Normal service resumed: Meggiorini wasn’t playing against Inter. Didn’t score.
It’s easy to warm to Valter Birsa. Young, quick, enthusiastic, works hard, good crosser. For him to score the winner was very pleasing both in the context of this match and as a punctuation mark in his development as a player this season. The Maratona may have been singing Alessio Cerci’s name, but Birsa scored the winning goal.
[Just between you and me, what if Birsa played as a false 9 (you heard it here first, folks!)? Birsa and Barreto up top with Cerci/Santana/Dolly out wide? Not much physical presence, true, but it would certainly be quick enough. And a lack of physical presence up top hasn’t exactly held Barcelona back in recent years. Could be my medication talking, but why not?].
A couple of asides to round things off this time around:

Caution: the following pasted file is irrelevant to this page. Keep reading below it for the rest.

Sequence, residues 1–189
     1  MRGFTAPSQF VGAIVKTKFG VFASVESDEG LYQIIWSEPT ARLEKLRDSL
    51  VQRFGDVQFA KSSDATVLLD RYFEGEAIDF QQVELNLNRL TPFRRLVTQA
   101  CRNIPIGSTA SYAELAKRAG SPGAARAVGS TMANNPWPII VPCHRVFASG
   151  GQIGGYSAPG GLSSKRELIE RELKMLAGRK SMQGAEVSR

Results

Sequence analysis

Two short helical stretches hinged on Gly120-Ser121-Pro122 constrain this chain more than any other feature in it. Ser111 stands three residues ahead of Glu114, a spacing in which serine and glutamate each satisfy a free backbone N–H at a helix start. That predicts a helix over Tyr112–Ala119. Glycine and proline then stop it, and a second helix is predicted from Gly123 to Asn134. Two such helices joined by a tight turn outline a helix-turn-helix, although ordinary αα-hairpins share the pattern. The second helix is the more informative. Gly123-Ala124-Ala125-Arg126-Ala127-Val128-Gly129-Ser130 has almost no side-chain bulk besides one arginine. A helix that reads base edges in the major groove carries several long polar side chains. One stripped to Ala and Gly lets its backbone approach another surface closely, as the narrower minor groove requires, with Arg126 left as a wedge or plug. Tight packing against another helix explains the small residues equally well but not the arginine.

Turin (with the stress on the first syllable if you’re speaking the local dialect; “Torino” is the Italian name) will be the European City of Sport in 2015. Rumour has it that the Olimpico will be redeveloped between now and then. Pros and cons. On the plus side, if the Olimpico can be improved (tifosi in both curve closer to the pitch, better acoustics and protection from the elements), I am in favour. But where do we play in the meantime? Sharing with the Gobbi again? We’d have to rebuild half of their stadium every fortnight.
I would like to take this opportunity to express my pride in being a member of a club that does not discriminate against any opposing player or supporter on the grounds of their skin colour or ethnic origin. We may not be perfect, but we are not racist. We may criticise others for their allegiances past and present, but that is where it ends. I can understand Inter fans giving Balotelli the bird because he’s an ex-player, but I can’t understand them giving him the bird because he’s black. I seem to recall he was black when he played for them.
(Just for balance – I’m not singling out Inter for criticism here – I attach a list of Venaria Town’s fines for various offences: https://twitter.com/Ruttosporc/status/300987991646666752/photo/1
SEVENTEEN instances of racist chanting and fines amounting to €170,000 in one-and-a-half seasons.)